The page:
Reliance to resume fuel retail
Reliance Industries Ltd (RIL) is all set to restart its fuel retailing business. Starting early next week, Reliance, which has over 1,400 pumps across the country, will reopen the retail outlets in phases, starting with Maharashtra and Gujarat. Anupama Airy reports.business Updated: Mar 15, 2009 21:22 IST
After keeping its petrol pumps shut for nearly a year, India’s largest refiner, Reliance Industries Ltd (RIL), is all set to restart its fuel retailing business. Starting early next week, Reliance, which has over 1,400 pumps across the country, will reopen the retail outlets in phases, starting with Maharashtra and Gujarat.
“We are talking to all companies for sourcing of products,” PMS Prasad, head of Reliance’s petroleum business told Hindustan Times. “Some preparatory work has also been done at the retail outlets, but we have not taken any decision on starting our pumps full steam.”
Ironically, even after becoming the country’s largest maker of petroleum products, Reliance will have to source petrol and diesel for retail from other refiners. This is because both its refineries at Jamnagar in Gujarat are “only-for-exports”: RIL cannot sell Jamnagar fuel within India.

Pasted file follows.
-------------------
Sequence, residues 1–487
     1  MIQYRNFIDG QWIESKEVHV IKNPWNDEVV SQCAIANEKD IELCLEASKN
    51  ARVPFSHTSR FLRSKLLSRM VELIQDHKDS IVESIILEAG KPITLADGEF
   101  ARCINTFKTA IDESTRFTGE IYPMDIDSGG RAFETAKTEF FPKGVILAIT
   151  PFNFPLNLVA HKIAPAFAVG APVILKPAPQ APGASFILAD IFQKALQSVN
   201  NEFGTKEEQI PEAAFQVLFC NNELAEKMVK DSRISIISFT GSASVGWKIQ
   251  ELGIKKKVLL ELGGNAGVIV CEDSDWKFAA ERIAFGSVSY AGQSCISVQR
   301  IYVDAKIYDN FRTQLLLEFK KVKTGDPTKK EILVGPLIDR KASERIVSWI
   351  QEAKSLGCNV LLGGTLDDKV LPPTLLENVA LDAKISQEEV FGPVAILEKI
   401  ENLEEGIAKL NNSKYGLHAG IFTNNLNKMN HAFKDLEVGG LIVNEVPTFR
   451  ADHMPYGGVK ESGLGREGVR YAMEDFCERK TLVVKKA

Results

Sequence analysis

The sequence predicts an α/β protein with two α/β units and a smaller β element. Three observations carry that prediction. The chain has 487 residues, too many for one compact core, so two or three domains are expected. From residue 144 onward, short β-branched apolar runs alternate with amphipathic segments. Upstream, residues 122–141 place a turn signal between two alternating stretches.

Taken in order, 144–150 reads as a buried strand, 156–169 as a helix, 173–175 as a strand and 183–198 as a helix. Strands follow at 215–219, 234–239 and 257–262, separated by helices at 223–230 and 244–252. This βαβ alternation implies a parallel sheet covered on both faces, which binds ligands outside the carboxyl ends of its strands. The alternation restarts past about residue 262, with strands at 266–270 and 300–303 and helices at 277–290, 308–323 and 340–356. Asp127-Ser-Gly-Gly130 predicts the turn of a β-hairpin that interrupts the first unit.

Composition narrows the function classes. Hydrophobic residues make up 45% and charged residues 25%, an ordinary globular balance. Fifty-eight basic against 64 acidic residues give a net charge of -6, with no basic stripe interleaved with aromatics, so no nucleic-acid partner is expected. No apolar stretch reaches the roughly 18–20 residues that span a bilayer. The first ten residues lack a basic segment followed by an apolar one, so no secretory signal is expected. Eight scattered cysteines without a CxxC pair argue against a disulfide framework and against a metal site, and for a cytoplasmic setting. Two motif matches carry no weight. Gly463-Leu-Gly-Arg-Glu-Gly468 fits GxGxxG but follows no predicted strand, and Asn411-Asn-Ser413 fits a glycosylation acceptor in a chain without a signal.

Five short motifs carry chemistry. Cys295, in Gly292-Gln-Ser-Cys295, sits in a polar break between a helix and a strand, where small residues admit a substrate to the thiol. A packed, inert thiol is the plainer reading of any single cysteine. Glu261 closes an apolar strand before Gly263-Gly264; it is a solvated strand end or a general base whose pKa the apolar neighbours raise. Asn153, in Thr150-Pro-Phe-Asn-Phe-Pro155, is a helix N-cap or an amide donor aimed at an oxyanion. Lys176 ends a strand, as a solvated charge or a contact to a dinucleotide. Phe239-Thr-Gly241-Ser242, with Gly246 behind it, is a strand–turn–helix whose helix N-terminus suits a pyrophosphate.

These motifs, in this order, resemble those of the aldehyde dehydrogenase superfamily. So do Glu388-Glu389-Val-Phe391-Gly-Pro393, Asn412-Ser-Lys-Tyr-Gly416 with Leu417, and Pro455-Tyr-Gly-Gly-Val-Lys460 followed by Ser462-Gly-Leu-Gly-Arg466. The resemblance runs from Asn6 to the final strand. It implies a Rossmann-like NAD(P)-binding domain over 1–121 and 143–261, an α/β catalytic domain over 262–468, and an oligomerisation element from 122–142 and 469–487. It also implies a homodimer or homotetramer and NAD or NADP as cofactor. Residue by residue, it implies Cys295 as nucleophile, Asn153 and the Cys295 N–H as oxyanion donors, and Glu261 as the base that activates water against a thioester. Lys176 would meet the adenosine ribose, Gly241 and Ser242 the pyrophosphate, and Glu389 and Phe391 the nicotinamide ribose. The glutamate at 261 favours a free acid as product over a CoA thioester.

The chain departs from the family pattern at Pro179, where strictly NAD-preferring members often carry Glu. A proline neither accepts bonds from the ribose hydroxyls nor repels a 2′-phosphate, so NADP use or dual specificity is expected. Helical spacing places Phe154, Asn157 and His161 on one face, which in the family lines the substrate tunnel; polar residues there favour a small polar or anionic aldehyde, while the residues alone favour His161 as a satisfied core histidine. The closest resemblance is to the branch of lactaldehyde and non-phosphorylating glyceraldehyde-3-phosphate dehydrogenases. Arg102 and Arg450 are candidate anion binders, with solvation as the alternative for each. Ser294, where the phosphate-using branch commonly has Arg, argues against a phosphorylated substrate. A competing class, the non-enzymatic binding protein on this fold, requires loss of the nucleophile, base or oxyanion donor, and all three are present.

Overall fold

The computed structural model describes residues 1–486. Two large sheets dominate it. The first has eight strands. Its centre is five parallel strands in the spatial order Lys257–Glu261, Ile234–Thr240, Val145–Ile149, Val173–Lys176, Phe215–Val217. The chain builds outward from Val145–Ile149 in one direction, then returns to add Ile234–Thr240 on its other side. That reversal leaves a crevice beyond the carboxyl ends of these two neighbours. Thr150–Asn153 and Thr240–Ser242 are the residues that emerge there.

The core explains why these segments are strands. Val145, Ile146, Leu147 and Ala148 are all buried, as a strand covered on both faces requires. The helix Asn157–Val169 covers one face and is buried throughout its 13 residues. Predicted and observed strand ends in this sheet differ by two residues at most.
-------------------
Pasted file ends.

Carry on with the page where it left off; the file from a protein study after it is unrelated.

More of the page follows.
Jamnagar-1 refinery is an export oriented unit while Jamnagar-2 is a special economic zone refinery. The EOU status of 660,000 barrels per day Jamnagar-1 will end in March, 2010 after which it can start selling fuel from here within the country. In case RIL chooses to sell the fuel in the domestic market, it would attract double excise and customs duties, making the fuel costlier by Rs 9-10 a litre.
A senior official in one state-owned refinery confirmed his company had indeed received a communication from Reliance for entering into a product supply agreement.
Prasad also confirmed having held talks with private refiners including Essar Oil and Mangalore Refineries and Petrochemicals Ltd, as also PSU oil firms Indian Oil Corp, Hindustan Petroleum Corporation and Bharat Petroleum Corporation.
The Mukesh Ambani-controlled company shut all its petrol pumps a year ago after sales dropped to almost nil, as it could not match the subsidised prices offered by the public sector competition. With crude oil prices at $149 a barrel in June, 2008, the losses Reliance sustained from fuel retail had become unmanageable.